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Operator [30]

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(Operator Instructions) Our next question comes from the line of Jon Hickman of Ladenburg Thalmann.

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Jon Robert Hickman, Ladenburg Thalmann & Co. Inc., Research Division - MD of Equity Research & Special Situations Analyst [31]

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Can you guys -- do you have Slide 14 in front of you?

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Oliver P. Peoples, Yield10 Bioscience, Inc. - Co-Founder, President, CEO & Director [32]

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Slide 14, I actually do.

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Jon Robert Hickman, Ladenburg Thalmann & Co. Inc., Research Division - MD of Equity Research & Special Situations Analyst [33]

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Okay. Can you go through those and tell me when you might have news for us? Not just you're going to, but a time frame, like end of the year, middle of the year, something like that?

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Oliver P. Peoples, Yield10 Bioscience, Inc. - Co-Founder, President, CEO & Director [34]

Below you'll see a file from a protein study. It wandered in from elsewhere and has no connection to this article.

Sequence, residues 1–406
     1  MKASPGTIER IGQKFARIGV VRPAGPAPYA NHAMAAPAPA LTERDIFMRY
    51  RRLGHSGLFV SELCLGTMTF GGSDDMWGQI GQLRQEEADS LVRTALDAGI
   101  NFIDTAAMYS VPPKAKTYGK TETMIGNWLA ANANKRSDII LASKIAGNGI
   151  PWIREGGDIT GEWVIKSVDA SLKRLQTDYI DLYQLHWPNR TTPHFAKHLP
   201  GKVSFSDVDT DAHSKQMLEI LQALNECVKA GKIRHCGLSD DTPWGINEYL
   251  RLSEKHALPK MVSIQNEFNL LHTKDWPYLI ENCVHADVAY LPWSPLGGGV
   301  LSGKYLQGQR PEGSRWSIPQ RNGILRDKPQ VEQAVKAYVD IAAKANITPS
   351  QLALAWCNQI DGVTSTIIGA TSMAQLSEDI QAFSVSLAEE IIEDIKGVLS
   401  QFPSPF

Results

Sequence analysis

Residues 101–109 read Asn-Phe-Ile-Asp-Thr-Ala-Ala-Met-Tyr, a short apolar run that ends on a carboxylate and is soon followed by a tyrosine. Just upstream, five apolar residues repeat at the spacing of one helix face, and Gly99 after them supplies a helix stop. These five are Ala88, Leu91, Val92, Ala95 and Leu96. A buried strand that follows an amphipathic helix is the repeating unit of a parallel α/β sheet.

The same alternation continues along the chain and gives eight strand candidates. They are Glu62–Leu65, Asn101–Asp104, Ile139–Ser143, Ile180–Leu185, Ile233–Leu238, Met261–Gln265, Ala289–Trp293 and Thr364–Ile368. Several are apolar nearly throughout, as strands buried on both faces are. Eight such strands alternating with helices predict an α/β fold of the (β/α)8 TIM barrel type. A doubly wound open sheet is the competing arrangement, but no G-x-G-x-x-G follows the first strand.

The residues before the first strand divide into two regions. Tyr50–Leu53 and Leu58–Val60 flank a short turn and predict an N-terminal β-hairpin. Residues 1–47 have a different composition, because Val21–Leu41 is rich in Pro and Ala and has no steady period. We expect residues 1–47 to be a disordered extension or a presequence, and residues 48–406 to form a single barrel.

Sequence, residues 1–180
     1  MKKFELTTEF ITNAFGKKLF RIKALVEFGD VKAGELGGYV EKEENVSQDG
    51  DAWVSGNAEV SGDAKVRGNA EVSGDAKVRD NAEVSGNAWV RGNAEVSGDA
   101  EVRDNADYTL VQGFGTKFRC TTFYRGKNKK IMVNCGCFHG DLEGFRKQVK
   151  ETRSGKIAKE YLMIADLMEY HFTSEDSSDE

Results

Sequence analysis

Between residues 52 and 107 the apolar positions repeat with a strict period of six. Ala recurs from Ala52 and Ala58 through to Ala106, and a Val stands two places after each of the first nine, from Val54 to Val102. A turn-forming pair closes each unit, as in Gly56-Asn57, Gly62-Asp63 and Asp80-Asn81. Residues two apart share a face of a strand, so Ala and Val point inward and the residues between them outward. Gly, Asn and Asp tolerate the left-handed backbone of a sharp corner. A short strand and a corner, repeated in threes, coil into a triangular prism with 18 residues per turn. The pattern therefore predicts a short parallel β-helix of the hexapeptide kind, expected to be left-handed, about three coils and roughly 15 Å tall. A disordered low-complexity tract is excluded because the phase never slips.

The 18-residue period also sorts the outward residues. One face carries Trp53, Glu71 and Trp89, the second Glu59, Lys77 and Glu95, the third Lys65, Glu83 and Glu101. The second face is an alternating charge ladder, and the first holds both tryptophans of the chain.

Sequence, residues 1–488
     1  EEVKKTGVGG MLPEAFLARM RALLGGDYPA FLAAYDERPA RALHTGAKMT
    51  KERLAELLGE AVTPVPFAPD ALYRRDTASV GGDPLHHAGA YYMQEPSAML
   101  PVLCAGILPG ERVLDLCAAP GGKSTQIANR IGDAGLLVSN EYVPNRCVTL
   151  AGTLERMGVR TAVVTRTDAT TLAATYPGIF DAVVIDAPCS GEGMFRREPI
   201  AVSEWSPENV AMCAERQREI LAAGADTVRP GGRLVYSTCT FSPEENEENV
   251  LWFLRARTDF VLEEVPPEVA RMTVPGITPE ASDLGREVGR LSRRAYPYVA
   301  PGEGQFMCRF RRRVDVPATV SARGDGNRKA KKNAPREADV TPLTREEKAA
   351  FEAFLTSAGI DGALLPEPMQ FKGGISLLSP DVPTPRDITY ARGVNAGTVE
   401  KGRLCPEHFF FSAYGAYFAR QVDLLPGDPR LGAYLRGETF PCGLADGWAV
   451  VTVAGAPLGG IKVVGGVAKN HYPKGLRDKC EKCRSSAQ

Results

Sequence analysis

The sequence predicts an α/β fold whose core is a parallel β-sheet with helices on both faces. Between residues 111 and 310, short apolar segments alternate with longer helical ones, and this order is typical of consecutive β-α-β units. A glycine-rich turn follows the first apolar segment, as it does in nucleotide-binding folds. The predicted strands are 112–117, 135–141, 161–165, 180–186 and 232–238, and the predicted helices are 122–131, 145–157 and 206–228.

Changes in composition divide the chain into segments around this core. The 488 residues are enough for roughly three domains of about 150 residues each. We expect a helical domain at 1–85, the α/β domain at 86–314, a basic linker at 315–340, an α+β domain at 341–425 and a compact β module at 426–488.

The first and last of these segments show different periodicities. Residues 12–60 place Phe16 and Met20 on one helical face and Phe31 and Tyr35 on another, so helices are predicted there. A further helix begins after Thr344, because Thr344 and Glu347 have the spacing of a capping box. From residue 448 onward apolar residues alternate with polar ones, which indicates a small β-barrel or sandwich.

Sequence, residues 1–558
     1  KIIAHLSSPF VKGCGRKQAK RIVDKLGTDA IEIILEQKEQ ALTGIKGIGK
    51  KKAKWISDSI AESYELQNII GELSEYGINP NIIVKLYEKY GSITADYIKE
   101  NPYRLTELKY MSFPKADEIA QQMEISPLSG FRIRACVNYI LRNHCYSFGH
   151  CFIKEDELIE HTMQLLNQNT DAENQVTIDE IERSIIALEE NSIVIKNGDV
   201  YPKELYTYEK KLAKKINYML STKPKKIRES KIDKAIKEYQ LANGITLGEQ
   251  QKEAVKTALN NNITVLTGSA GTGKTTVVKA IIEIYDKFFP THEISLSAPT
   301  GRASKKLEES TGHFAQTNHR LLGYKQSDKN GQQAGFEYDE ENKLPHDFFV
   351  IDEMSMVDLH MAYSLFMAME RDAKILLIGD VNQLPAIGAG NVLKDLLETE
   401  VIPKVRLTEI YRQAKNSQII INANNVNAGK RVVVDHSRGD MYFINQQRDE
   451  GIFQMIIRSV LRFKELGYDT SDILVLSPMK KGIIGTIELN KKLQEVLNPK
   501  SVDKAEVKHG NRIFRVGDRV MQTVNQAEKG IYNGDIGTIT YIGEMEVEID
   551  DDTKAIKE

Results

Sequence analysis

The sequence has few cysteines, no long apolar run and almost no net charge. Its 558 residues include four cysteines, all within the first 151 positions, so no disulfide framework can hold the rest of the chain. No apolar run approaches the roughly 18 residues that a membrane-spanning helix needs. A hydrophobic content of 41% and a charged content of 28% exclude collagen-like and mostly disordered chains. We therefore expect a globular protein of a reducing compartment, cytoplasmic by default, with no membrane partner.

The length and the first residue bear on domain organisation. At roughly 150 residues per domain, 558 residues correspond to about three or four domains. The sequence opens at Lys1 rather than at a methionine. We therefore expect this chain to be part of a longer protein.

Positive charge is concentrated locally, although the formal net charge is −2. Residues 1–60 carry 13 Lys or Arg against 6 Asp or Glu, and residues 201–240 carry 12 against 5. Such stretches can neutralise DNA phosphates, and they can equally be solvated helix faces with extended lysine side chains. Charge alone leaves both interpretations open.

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Yes. So I think in terms of -- basically, the field trails, they were going to be the end of the year just because that's growing season. There's not much we can do about it. We have made good progress in oil-boosting traits in Camelina and now also in canola. We'll decide what we're going to do with that data once we've generated it. The plants are still being developed, particularly for the C3007 trait. Regarding the 4000 series traits in wheat and rice, that work is ongoing. We have the plants. We're looking at generating the data early in greenhouses because obviously, we haven't released those yet. Same in rice. And on those, we would be talking about what, Q2, Q3, Kristi?

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Kristi D. Snell, Yield10 Bioscience, Inc. - VP of Research & Chief Science Officer [35]

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By Q3.

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Oliver P. Peoples, Yield10 Bioscience, Inc. - Co-Founder, President, CEO & Director [36]

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Probably Q3. Revenue-generating ag industry collaborations, we're working on a number of those. Those are all unpredictable in terms of time lines. Intellectual property, we've actually been doing a lot in that space, and actually now we're starting to see some of the fruits from that. That's again unpredictable from the point of view of the Patent Office that does these when it can. Communicating scientific innovations, when's your next presentations?